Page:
How many colonies will an apiary support?
A regular question in beekeeping is "How many hives can I have in an apiary"? There is no sensible answer because it depends on a lot of things including:-
I have seen some estimates of the maximum number of colonies that should be kept in one apiary, without thinking about any of the above. The number you can keep in one area is determined by conditions, not punching a few figures into a calculator. I have seen a figure as low as seven colonies per apiary being a maximum. This might suit an amateur beekeeper, but quite frankly if a district is that poor then an alternative site should be sought if you want more colonies.
There is no doubt in my mind that districts change and sometimes bees a short distance away do far better. The person who influenced by beekeeping in my early years was a man called George Wakeford, who looked after over 400 colonies of bees for other people in a fairly small area of West Sussex. These were mainly people who had 3 colonies or less. He always said that honey production in Wisborough Green village was very poor, yet was good a mile away in any direction, something I can verify as I visited them all with George. I can remember at least 11 "bee owners" in Wisborough Green, including George, with a total of no more than 30 colonies. There were about the same number of "bee owners" and colonies on the outskirts, yet their yields were much higher. Forty years later the yields in Wisborough Green village are as good as anywhere else. The above story shows me that bees do not always fly one and a half miles as is popularly thought.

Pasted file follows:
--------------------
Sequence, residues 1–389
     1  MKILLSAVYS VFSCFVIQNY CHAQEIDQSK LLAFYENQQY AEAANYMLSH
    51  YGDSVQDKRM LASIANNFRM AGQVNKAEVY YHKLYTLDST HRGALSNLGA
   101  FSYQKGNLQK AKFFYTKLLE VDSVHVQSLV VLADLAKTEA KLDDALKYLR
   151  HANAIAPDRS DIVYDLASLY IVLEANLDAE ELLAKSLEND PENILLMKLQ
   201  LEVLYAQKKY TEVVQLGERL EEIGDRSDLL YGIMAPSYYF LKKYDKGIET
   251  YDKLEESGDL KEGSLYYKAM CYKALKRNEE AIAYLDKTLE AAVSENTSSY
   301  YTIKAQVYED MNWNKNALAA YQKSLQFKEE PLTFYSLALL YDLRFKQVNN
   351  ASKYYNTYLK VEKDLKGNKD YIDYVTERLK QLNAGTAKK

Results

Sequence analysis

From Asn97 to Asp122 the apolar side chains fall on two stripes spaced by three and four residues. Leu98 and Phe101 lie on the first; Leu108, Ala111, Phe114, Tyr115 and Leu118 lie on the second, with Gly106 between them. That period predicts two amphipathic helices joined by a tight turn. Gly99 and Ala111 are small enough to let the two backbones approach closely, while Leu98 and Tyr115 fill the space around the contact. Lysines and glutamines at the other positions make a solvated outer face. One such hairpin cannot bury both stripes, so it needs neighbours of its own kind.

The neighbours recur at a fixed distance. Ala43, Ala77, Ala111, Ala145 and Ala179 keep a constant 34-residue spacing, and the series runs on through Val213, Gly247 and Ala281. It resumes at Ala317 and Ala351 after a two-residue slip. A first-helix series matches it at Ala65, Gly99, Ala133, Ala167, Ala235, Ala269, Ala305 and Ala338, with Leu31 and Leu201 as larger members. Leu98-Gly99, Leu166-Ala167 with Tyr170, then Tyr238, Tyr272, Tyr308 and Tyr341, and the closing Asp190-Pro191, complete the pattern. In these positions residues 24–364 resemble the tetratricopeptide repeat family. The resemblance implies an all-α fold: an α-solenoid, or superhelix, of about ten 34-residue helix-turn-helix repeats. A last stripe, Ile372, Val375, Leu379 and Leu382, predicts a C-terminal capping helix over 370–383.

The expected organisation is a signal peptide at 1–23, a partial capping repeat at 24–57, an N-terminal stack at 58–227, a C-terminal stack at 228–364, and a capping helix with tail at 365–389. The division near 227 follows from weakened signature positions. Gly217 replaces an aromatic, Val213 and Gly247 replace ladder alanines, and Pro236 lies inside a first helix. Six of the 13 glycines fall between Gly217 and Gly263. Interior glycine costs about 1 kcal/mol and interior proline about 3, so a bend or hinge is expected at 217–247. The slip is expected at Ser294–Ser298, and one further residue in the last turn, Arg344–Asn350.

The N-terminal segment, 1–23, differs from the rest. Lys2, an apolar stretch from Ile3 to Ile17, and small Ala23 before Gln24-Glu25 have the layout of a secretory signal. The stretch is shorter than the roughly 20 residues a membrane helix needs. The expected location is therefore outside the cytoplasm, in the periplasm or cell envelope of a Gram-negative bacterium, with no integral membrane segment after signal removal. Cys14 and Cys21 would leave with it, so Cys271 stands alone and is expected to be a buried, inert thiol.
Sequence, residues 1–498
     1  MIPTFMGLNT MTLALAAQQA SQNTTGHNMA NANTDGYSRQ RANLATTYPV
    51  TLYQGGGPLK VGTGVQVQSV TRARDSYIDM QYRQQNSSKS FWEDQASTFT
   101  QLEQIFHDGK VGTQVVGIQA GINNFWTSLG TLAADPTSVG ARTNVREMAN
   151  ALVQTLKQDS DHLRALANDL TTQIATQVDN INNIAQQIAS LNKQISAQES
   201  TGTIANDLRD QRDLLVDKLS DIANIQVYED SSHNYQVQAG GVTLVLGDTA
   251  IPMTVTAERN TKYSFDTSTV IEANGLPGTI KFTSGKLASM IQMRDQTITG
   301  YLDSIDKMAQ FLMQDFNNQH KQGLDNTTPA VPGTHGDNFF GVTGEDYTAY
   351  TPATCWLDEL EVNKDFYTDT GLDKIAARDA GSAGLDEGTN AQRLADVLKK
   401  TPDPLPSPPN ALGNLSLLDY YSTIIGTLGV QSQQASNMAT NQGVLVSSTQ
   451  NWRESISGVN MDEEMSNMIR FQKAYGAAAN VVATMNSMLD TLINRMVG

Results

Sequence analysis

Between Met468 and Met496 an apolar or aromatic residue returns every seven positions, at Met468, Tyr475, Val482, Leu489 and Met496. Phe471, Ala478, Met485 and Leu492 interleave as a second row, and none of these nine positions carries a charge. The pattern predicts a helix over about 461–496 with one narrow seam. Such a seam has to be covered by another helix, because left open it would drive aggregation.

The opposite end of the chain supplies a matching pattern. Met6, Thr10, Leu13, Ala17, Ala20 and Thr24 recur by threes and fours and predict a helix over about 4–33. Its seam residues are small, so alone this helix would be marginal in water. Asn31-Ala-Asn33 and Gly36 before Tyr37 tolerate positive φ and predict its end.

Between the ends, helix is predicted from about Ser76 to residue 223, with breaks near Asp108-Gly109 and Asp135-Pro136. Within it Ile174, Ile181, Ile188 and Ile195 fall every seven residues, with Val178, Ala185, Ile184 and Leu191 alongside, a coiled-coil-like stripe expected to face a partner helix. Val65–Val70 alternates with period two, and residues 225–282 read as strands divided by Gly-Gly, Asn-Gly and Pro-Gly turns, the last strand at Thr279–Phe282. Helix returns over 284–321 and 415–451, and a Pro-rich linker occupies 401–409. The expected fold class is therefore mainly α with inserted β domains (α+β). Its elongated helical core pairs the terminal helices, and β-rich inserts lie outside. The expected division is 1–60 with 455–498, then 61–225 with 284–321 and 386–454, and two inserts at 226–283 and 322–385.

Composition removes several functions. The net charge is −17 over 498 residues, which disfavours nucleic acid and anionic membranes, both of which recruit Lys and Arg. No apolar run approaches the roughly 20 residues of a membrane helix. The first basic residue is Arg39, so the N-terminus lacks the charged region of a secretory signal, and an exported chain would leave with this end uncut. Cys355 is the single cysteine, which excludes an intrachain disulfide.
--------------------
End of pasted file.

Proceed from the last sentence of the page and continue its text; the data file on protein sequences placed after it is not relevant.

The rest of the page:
I keep hearing that things aren't what they used to be, but I think that is probably a red herring. When I started beekeeping in 1963 the average yield per colony in my area of West Sussex was about 30lb per colony. In 2014 it is double that at around 60lb per colony. In the 1970s and 1980s it was around 100lb.
The number of colonies an apiary will sustain varies considerably and depends on the crops that are grown by farmers and the wild forage available. The beekeeper must make their own mind up what is productive and what isn't. In some years one apiary will do better than another, the following year it may be the reverse.
When I kept many more colonies than I do now I had 18-20 fully productive colonies in each apiary, plus a few nucs. They all did well and I may have got away with more. Brother Adam reckoned on 40 colonies in his apiaries on Exmoor and R.O.B. Manley, who was the first man in the U.K. to manage 1,000 colonies had up to 50 colonies in his apiaries in the Chilterns. Both these two worked for maximum honey production, so had no passengers, and they had large prolific colonies. If they had as few as seven colonies in an apiary as has been suggested they would have spent more time travelling than managing bees. The ordinary amateur has nothing to worry about.